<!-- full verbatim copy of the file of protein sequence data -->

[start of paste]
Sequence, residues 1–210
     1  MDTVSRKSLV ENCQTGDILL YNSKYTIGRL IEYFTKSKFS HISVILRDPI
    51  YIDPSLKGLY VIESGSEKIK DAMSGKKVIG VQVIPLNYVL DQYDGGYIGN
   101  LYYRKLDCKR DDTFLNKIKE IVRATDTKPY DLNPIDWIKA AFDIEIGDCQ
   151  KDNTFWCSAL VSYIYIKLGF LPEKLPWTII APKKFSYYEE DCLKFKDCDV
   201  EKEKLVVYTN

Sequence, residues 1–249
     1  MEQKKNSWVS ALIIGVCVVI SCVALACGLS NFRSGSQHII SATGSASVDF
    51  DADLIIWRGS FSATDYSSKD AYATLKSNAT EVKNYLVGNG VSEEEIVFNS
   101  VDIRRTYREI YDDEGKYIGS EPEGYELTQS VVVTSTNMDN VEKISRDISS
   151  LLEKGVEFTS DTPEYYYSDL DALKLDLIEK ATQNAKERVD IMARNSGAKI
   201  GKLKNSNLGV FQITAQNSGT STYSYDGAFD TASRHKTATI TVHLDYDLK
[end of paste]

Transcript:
Sequence, residues 1–210
     1  MDTVSRKSLV ENCQTGDILL YNSKYTIGRL IEYFTKSKFS HISVILRDPI
    51  YIDPSLKGLY VIESGSEKIK DAMSGKKVIG VQVIPLNYVL DQYDGGYIGN
   101  LYYRKLDCKR DDTFLNKIKE IVRATDTKPY DLNPIDWIKA AFDIEIGDCQ
   151  KDNTFWCSAL VSYIYIKLGF LPEKLPWTII APKKFSYYEE DCLKFKDCDV
   201  EKEKLVVYTN

Sequence, residues 1–249
     1  MEQKKNSWVS ALIIGVCVVI SCVALACGLS NFRSGSQHII SATGSASVDF
    51  DADLIIWRGS FSATDYSSKD AYATLKSNAT EVKNYLVGNG VSEEEIVFNS
   101  VDIRRTYREI YDDEGKYIGS EPEGYELTQS VVVTSTNMDN VEKISRDISS
   151  LLEKGVEFTS DTPEYYYSDL DALKLDLIEK ATQNAKERVD IMARNSGAKI
   201  GKLKNSNLGV FQITAQNSGT STYSYDGAFD TASRHKTATI TVHLDYDLK